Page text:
What is a monohull sailboat?
The characteristics of a monohull sailing boat
As the name suggests, the monohull sailboat - as opposed to multihull sailing boats - is a sailboat with a single hull . Sometimes equipped with an auxiliary engine, the monohull is propelled by the force of the wind and keeps its course thanks to the fins located in the water under the hull. The trajectory is controlled by the rudder which consists of the helm and the rudder (a "wing" located at the rear of the hull and submerged in water). A monohull is either mono-rudder or twin-rudder. The thrills you'll feel on board a monohull depend on the speed it reaches. Speed enthusiasts can find what they're looking for among the monohulls.
The monohull can be divided into 2 parts: the rig and the hull. The latter is what allows the sailboat to float. It contains ballast, consisting of tanks filled with water, that stabilses the monohull by counterbalancing the list (this is an inclination of a few degrees under wind pressure or some other cause). The daggerboards come out of the hull: they are what will allow the monohull to stay on course. If the centreboard is ballasted, we will speak of a keel, which ensures the stability of the boat and prevents it from capsizing. As for the rigging, this is all the parts of a boat that contribute to its propulsion and manoeuvrability. As a minimum it is made up of one mast and a sail.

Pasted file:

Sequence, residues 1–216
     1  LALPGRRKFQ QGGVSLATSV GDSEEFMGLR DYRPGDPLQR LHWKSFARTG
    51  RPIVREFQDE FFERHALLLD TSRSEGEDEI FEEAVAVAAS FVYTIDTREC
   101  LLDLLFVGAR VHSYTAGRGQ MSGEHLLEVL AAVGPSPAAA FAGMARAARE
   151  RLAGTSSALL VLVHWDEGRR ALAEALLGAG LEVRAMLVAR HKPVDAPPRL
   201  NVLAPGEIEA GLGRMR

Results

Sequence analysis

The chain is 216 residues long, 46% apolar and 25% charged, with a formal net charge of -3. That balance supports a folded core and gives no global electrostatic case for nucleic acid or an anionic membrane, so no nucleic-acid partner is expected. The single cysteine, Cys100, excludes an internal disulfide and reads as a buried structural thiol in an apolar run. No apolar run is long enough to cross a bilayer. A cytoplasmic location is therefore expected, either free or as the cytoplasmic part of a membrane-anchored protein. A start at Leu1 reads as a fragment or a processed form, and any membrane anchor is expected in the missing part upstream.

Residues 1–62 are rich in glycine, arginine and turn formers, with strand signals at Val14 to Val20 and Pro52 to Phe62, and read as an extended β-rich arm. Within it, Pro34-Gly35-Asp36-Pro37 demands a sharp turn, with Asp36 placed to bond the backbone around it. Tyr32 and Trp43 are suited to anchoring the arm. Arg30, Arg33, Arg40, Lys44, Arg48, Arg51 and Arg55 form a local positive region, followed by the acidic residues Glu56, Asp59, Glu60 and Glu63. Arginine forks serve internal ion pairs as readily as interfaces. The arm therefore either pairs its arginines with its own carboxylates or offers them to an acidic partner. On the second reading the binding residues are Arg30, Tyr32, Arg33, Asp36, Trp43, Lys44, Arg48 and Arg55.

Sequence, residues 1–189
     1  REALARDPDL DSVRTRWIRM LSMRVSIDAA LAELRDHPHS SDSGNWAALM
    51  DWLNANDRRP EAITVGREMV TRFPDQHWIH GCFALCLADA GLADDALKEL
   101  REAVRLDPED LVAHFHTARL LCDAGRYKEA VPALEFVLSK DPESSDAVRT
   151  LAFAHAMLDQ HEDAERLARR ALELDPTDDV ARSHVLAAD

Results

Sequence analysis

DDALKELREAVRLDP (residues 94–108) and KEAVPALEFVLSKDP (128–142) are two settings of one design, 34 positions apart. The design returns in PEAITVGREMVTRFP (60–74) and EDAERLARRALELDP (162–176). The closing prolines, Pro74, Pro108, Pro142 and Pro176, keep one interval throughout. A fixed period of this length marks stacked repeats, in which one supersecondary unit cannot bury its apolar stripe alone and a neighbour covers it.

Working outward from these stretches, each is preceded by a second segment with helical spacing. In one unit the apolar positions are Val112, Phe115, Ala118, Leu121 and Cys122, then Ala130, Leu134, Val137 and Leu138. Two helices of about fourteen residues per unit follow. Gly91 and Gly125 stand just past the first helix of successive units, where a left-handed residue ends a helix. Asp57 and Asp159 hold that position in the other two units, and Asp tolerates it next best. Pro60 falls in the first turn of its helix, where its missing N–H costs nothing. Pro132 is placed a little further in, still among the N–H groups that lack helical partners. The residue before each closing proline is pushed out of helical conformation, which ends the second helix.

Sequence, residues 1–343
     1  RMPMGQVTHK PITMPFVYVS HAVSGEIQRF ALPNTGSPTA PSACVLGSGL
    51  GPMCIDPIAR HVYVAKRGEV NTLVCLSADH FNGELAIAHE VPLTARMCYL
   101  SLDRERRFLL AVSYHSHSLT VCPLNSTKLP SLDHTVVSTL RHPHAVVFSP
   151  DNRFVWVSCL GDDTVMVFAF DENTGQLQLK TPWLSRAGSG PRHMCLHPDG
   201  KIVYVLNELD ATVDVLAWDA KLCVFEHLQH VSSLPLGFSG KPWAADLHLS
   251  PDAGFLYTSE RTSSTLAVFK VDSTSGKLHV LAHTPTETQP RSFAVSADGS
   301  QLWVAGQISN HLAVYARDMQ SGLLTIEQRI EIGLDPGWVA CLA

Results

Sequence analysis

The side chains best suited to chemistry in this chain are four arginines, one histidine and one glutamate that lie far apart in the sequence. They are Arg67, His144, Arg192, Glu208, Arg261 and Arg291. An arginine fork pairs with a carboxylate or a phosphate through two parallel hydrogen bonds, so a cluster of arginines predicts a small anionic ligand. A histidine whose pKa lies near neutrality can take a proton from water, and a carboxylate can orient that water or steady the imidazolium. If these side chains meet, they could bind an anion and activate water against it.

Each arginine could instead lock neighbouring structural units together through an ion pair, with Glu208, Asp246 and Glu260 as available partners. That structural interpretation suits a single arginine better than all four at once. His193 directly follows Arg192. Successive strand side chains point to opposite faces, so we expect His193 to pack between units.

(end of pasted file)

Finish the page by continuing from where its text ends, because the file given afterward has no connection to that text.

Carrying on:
The advantages of monohulls
Choosing to sail on a monohull sailboat has several advantages:
- the thrill of speed thanks to the high speed that can be reached;
- a lower budget than for a multihull (berth, maintenance, handling);
- its go-anywhere character: a monohull requires less space in a port and it is possible to deliberately run your sailboat aground;
- easy manoeuvrability ;
- good upwind performance;
- and it is a strong and safe boat : it is more difficult to capsize a monohull than a catamaran.
Deep sea or coastal sailing, regattas or day trips, you're bound to find a monohull that will fulfil your dreams.
What are the different types of monohull sailboats?
It is mainly the rig that allows you to differentiate between monohulls. So, you have:
- the sloop: 1 mast and 2 sails, the most common rig;
- the cutter: 1 mast (further aft than that of the sloop), 1 mainsail and at least 1 foresail;
- the ketch: 2 masts (the main mast and the mizzen mast, located in front of the helm station) and at least 3 sails;
- the yawl: 2 masts (the main mast and the swag mast, located behind the helm station) and at least 3 sails;
- the schooner: minimum 2 masts (up to 6/7);
- and the yole: propelled by either rowing or sailing.
Succumb to the charm of the monohull sailboats among the thousands of Band of Boats advertisements and set off over the horizon in your new or used monohull.